The Washington Post

A better approach to banks

- Matthew P. Fink, Chevy Chase

Regarding the March 13 front-page article “U.S. intervenes to protect failed bank’s deposits”:

The 2008 financial meltdown revealed the inability of banking regulation to prevent financial crises. This led many observers, including then-sen. Ted Kaufman (D-del.), former Federal Reserve chairman Paul A. Volcker and former Citicorp chairman John Reed, to call on the Obama administra­tion and Congress to adopt a nonregulat­ory approach. That approach was first suggested by Justice Louis D. Brandeis a century ago and is reflected in a number of New Deal laws — legislatio­n limiting the size and activities of financial institutio­ns so that none is “too big to fail.”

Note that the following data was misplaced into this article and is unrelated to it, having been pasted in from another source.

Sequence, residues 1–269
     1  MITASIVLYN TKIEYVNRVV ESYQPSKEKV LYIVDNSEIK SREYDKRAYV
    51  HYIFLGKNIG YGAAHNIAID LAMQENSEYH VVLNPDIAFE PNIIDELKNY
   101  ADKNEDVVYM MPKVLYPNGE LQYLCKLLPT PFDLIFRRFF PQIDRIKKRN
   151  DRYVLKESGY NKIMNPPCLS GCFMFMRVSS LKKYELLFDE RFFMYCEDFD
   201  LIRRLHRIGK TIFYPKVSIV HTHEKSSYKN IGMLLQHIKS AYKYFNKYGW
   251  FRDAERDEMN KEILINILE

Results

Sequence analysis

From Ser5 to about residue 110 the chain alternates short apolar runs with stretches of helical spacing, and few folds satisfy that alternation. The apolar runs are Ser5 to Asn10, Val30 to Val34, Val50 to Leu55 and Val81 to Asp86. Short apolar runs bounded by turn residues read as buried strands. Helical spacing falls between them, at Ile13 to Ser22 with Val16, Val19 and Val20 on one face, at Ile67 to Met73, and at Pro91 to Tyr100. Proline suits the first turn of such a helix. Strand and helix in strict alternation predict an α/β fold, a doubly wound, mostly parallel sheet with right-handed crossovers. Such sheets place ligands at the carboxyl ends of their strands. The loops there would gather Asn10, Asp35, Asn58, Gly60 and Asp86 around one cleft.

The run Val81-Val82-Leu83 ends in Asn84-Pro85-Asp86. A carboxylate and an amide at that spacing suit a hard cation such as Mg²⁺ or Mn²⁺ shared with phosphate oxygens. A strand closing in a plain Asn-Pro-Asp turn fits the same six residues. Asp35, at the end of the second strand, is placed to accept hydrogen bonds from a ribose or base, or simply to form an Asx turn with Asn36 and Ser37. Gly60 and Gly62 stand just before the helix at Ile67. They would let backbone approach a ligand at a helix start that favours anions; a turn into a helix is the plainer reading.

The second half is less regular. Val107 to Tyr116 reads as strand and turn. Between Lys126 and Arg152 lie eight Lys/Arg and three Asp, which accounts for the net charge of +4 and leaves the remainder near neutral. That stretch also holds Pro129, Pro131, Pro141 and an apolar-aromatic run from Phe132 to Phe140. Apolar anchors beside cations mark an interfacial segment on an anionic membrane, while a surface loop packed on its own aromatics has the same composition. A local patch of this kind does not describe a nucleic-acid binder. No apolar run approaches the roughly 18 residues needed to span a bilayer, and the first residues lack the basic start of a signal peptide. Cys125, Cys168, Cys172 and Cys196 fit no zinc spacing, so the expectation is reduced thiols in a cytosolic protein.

But key players had reason to oppose legislatio­n incorporat­ing Brandeis’s approach. It is easier for Congress to buck responsibi­lity to regulators rather than to make difficult decisions itself. Regulators are not inclined to give up turf, even to Congress. Firms would rather deal with regulators possessing broad discretion than abide by strict statutory limits.

So the administra­tion and Congress rejected the Brandeis approach. Instead, the Dodd-frank Act of 2010 greatly expanded regulators’ existing broad authority and created new regulatory bodies such as the Financial Stability Oversight Council.

The current crisis demonstrat­es yet again that government regulation, however well intended and however strengthen­ed, cannot prevent financial crises. The time is long overdue to move to the Brandeis approach.

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